Strickland v. Sears, Roebuck and Co., 693 F. Supp. 403 (E.D. Va. 1988)

US District Court for the Eastern District of Virginia - 693 F. Supp. 403 (E.D. Va. 1988)
May 22, 1988

693 F. Supp. 403 (1988)

Phyllis M. STRICKLAND, Plaintiff,
v.
SEARS, ROEBUCK AND CO., Defendant.

Civ. A. No. 86-702-N.

United States District Court, E.D. Virginia, Norfolk Division.

May 22, 1988.

*404 Phyllis M. Strickland, pro se.

Gregory N. Stillman, Kelly O. Stokes, Hunton & Williams, Norfolk, Va., for defendant.

 
OPINION AND ORDER

KELLMAN, District Judge.

Plaintiff, a former employee of defendant Sears, Roebuck & Co., brought this action, alleging sexual harassment and retaliation in violation of Title VII of the Civil Rights Act of 1964, as amended, 42 U.S.C. § 2000e-2(a) and § 2000e-3(a). The complaint filed herein contends that during her employment with Sears, plaintiff was subjected to sexual harassment by her supervisor Chris Mitchell; that because of a sexual harassment complaint she filed with the EEOC, she suffered from retaliation by Sears; and that the harassment and retaliation created such a hostile working environment that she was forced to resign. Plaintiff seeks injunctive relief, full back pay, reinstatement, reasonable attorney's fees and costs.

The record shows plaintiff filed a sexual harassment charge and a retaliation charge with the EEOC. The EEOC dismissed each claim and issued right to sue letters on each. Accordingly, plaintiff exhausted her administrative remedies pursuant to 42 U.S.C. § 2000e-5. Thereafter, she filed this action which came on for trial on April 15, 1987. At the end of plaintiff's case in chief, defendant moved for dismissal, pursuant to Rule 41(b) of the Federal Rules of Civil Procedure, on the ground that upon the facts and the law, plaintiff had shown no right to relief. That motion was renewed at the end of trial. The court withheld rulings on each motion.

 
I.

In the complaint, plaintiff asserts that on April 10, 1985, while employed as a telephone sales representative with Sears, her supervisor, Chris Mitchell, approached her as she sat at her desk, and rubbed his hands all over her shoulders and neck, ran his fingers through her hair, and made other unwelcome sexual advances towards her. She further contends that around 15 minutes later, Mitchell, in front of plaintiff's co-workers, made a false statement concerning the two of them going out and having a good time together. Plaintiff asserts that she has developed health problems due to the extreme embarrassment and anxiety she suffered from being subjected to Mitchell's advances and staring.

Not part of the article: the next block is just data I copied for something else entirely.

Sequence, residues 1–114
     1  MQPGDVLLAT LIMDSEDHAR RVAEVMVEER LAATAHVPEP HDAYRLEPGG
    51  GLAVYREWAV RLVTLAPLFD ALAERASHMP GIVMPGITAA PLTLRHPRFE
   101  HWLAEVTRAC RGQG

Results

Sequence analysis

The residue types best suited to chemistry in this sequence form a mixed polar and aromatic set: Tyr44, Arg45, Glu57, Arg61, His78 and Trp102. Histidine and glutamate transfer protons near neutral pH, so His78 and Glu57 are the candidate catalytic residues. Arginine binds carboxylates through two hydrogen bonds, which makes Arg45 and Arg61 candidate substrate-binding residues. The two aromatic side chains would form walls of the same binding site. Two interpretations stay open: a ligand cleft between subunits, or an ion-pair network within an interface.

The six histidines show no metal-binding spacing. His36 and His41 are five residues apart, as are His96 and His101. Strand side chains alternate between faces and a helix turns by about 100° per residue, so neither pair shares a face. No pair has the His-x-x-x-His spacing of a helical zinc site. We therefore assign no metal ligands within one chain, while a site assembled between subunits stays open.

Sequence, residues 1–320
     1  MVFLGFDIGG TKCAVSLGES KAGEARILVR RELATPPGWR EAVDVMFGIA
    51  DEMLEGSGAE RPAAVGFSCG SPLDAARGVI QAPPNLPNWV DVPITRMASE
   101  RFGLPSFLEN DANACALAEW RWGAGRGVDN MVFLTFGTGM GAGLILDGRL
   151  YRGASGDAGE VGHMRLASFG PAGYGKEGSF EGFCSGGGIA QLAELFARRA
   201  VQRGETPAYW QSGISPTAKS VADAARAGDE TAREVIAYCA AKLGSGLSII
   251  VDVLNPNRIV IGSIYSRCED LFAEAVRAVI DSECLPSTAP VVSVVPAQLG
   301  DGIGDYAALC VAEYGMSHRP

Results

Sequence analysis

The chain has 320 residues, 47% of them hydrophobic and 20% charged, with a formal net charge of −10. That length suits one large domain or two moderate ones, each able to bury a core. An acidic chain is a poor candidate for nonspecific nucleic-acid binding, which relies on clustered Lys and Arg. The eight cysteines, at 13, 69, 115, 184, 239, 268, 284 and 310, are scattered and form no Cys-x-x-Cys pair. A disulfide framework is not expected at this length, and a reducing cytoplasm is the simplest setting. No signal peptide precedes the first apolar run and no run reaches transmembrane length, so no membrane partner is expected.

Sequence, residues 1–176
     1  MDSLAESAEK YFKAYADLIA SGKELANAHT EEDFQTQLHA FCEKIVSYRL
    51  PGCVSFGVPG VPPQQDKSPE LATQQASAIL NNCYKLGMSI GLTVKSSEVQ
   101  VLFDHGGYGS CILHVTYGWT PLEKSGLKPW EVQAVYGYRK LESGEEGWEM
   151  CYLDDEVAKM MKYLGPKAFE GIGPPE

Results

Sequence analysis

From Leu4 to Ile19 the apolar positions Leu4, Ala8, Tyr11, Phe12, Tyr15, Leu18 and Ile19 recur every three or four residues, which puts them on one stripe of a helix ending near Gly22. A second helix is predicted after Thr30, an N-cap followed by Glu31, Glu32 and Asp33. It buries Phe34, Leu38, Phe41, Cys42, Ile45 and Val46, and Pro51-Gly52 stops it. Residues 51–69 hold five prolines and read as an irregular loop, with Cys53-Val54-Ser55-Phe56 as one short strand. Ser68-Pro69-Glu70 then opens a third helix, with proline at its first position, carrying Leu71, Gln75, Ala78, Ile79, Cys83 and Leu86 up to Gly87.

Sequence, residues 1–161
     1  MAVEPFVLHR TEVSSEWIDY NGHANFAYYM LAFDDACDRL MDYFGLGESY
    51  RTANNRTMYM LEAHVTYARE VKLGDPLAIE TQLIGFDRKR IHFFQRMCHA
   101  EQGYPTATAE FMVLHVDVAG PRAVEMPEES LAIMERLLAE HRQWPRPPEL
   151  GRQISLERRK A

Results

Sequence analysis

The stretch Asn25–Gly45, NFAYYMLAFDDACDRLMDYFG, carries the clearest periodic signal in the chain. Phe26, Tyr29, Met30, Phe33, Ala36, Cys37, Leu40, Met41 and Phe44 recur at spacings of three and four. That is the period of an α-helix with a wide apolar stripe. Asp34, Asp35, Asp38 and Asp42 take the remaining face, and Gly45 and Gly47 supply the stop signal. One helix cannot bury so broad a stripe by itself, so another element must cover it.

The evidence fails to establish Mrs. Strickland's basic allegations that Mitchell put his hands all over her shoulders and ran his hands through her hair, or made other sexual advances towards her. However, the evidence does show that he touched her with a "lead card." Mitchell first denied touching plaintiff at all, then he said he may have touched plaintiff with a "lead card," used to cheer on employees and to promote sales. Mitchell admitted he made the statement he and Phyllis (Mrs. Strickland) had been out dancing, but said he did it as a joke and that he apologized to her for it.

On April 17, 1987, plaintiff and Donna Doyle met with the manager of the Sears facility, Nicholas Barba, to report Mitchell's conduct. Barba called his assistant, Melva Perrot, and Mitchell in to the meeting for a confrontation. Mitchell denied any touching except possibly that done with a "lead card." Jackie Daye, another co-worker of plaintiff, was called in as a witness but stated that although she saw *405 Mitchell touch other employees with lead cards, she did not see him touch Strickland or Doyle.

Nevertheless, manager Barba immediately admonished Mitchell that there was to be no touching of employees in any manner or form. He also informed Strickland and Doyle that Mitchell would remain their supervisor but reassured them there would be absolutely no more touching. The evidence shows a later meeting between Barba and Mitchell where Barba again explained the seriousness of plaintiff's accusations and again admonished there would be no touching. All parties agree that no touching incident took place again.

On May 3, 1985, Strickland filed with the EEOC a discrimination charge against Sears alleging sexual harassment and citing the touching incident referred to above. It is not clear what investigative steps were taken by the EEOC. However, on June 30, 1986, the Commission dismissed the complaint and issued a right to sue letter, finding no reasonable cause to believe plaintiff had been sexually harassed.

Title VII of the Civil Rights Act of 1964 makes it "an unlawful employment practice for an employer ... to discriminate against any individual with respect to her compensation, terms, conditions, or privileges of employment, because of such individual's race, color, religion, sex or national origin." 42 U.S.C. § 2000e-2(a) (1). Guidelines issued by the EEOC in 1980 specify that sexual harassment, whether "unwelcome sexual advances, requests for sexual favors, [or] other verbal or physical conduct of a sexual nature," is a form of sex discrimination actionable under Title VII. Meritor Savings Bank, FSB v. Vinson, 477 U.S. 57, 106 S. Ct. 2399, 2405, 91 L. Ed. 2d 49 (1986); 29 CFR § 1604.11(a) (1985). Thus, "without question, when a supervisor sexually harasses a subordinate because of the subordinate's sex, that supervisor `discriminate[s]' on the basis of sex." Meritor Savings Bank, 106 S. Ct. at 2409.